LULU GARCIA-NAVARRO, HOST:
Most of the 4.5 million adults with intellectual or developmental disabilities in the U.S. live with their parents. As everyone ages, finding long-term housing can pose big challenges. As Michigan Radio's Doug Tribou reports, a group of Michigan parents is instead creating a neighborhood of their own.
DOUG TRIBOU, BYLINE: Saline is in Southeast Michigan, not far from the University of Michigan campus in Ann Arbor. Patty and Karl Rabe's house is in a quiet subdivision here. Patty's a nurse anesthetist, and Carl is an IT manager. And they've got a small, friendly dog named Sherlock. The Rabes' son Bill is 28. He's friendly and social, but his mom says he functions at about the level of a 6- to 10-year-old. Still, he holds down two part-time jobs, is a Special Olympian and likes to play video games.
What kind of games do you like?
BILL RABE: Hockey.
TRIBOU: (Laughter) You watch movies in here, too?
B. RABE: Yep.
TRIBOU: Karl's 58. Patty's 61. For years, they've searched for a long-term housing solution for their son. Patty says he can do some things himself but needs to have someone around.
PATTY RABE: When it comes to any kind of emergency or unusual situation, he couldn't be trusted to make good decisions about what to do.
TRIBOU: The Rabes found other local families in a similar situation. Eventually, they began planning a building with four condominiums for their children with a common area for a caregiver. Then they met developer Bill Godfrey, who started thinking a little bigger.
BILL GODFREY: We came back with this idea that what was really needed was just to build a regular neighborhood for the general public and include housing for people with special needs it and design that housing with them.
TRIBOU: Godfrey's team bought land from the city with enough room for two condo buildings for those with disabilities and 26 single-family homes and townhouses anyone can buy. Planned communities for the disabled aren't a new idea, but they are unusual. The site plan shows a tree-lined cul-de-sac. The public library and middle school are across the street. The condo started at $180,000, houses at $250,000 - attractive prices in a tight market. And most have already sold. The Rabes bought one to be near their son's condo. And Patty's excited about her future neighbors.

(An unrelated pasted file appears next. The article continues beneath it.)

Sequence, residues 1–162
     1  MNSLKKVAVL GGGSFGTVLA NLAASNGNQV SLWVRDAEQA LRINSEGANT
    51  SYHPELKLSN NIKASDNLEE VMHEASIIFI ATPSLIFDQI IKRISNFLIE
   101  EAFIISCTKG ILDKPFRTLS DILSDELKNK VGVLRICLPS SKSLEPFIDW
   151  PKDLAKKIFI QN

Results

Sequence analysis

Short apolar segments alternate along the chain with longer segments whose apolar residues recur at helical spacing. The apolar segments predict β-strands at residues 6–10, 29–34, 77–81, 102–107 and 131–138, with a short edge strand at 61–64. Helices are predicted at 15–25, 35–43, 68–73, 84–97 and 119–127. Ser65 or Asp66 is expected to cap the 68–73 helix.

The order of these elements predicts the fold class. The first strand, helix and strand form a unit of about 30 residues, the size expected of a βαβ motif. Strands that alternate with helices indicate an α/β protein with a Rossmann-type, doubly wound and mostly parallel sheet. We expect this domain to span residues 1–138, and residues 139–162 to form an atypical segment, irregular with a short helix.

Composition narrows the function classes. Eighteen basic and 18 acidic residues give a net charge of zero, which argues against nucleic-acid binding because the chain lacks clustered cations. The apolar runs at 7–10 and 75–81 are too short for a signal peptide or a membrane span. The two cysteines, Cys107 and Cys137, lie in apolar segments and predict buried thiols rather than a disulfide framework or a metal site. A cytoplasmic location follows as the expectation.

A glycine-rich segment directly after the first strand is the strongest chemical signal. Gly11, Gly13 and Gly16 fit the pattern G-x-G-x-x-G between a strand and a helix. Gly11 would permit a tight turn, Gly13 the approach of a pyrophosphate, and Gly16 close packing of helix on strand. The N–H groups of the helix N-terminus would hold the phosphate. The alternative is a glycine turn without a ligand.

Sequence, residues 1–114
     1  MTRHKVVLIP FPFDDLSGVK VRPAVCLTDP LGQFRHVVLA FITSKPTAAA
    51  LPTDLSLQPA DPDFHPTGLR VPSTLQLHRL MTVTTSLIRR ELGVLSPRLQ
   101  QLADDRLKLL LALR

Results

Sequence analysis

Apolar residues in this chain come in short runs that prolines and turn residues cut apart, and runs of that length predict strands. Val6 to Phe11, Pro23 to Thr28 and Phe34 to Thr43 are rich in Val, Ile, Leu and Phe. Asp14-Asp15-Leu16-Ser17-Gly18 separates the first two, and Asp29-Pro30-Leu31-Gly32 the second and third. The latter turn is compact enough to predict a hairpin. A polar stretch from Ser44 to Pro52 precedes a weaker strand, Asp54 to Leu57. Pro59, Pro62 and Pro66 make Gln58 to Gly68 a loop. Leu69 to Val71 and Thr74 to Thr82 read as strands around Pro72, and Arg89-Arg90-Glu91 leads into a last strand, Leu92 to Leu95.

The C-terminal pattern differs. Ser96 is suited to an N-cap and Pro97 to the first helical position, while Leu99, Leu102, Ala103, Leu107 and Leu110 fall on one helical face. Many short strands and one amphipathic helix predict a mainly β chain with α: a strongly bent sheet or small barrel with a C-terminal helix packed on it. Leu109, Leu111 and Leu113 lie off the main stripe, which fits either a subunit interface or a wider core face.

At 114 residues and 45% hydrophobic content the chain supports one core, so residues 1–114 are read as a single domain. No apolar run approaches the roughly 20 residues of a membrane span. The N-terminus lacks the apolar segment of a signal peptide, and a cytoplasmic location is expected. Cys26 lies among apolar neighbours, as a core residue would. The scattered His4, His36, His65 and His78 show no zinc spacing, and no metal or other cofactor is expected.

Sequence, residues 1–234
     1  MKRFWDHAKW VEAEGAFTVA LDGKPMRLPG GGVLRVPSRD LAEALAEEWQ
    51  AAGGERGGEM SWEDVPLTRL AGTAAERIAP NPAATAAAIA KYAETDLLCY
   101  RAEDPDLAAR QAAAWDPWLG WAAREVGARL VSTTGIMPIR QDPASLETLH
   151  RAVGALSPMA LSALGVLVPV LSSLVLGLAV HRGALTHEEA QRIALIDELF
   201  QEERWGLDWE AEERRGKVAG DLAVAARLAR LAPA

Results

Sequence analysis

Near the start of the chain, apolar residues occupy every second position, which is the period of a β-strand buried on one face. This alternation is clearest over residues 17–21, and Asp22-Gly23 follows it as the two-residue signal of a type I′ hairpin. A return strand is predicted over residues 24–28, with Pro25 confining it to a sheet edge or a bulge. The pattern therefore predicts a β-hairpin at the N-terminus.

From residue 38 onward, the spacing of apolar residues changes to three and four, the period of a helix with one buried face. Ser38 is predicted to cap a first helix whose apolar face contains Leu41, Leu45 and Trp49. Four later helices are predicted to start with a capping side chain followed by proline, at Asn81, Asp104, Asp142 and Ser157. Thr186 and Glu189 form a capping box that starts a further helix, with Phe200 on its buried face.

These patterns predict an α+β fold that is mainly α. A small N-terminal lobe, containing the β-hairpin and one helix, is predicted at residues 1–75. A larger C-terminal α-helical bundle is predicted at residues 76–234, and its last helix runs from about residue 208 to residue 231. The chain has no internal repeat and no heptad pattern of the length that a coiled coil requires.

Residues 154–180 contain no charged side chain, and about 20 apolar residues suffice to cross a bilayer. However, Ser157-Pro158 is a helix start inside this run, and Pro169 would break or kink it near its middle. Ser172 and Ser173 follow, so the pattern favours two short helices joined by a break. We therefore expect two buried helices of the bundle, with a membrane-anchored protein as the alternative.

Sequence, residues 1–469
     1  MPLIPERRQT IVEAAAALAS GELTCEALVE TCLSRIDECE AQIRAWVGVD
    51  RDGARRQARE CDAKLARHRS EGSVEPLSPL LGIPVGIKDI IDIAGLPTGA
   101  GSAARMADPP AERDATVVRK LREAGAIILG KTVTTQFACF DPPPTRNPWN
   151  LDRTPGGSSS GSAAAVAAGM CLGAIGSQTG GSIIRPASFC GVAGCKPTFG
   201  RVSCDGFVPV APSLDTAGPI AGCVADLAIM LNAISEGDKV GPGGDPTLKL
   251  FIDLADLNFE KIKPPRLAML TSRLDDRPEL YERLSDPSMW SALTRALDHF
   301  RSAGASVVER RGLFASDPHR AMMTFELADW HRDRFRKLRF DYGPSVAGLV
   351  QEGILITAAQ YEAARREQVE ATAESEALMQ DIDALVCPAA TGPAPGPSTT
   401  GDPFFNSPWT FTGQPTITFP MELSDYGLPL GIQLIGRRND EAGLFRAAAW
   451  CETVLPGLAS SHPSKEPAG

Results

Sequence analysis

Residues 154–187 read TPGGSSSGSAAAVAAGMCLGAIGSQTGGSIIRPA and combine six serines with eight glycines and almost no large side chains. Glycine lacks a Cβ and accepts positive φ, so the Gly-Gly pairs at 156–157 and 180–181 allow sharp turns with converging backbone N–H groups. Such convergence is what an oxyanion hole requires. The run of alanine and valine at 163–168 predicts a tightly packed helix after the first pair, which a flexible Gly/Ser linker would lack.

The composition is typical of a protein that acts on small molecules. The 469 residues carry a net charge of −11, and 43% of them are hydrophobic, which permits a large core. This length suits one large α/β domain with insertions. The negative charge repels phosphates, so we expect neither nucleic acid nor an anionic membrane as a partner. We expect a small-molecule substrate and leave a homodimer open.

P. RABE: A lot of times, when people with disabilities want to come into a neighborhood, there's a lot of pushback, and the people are afraid. That really gives me a lot of peace of mind that people know that these guys will be here.
TRIBOU: While most advocates agree that integrating people with disabilities into society is crucial, there's debate over how best to do that. Desiree Kameka is with the Madison House Autism Foundation, based in Maryland. We spoke by Skype. Kameka says, unlike in traditional group homes, these families are in control.
DESIREE KAMEKA: They know that their loved one will never be kicked out because a provider decides they don't want to serve that person anymore.
TRIBOU: Now, after years of planning, the Rabes are looking forward to moving in later this year, but Karl says there's more to do.
KARL RABE: I think there's many aspects of Bill being independent that we have no idea about yet - of transportation and health care and all those things. So housing is really just the first step, I think.
TRIBOU: Patty's optimistic but has conflicted feelings.
P. RABE: I've taken care of him, you know, for 28 years, so I have some anxiety about what it will be like when he doesn't live in my house. But Bill has the capability to have his own life, his own friends, his own activities. And he deserves to have that.
TRIBOU: It's a big step. But if their son needs help, they'll be just up the street. For NPR News, I'm Doug Tribou. Transcript provided by NPR, Copyright NPR.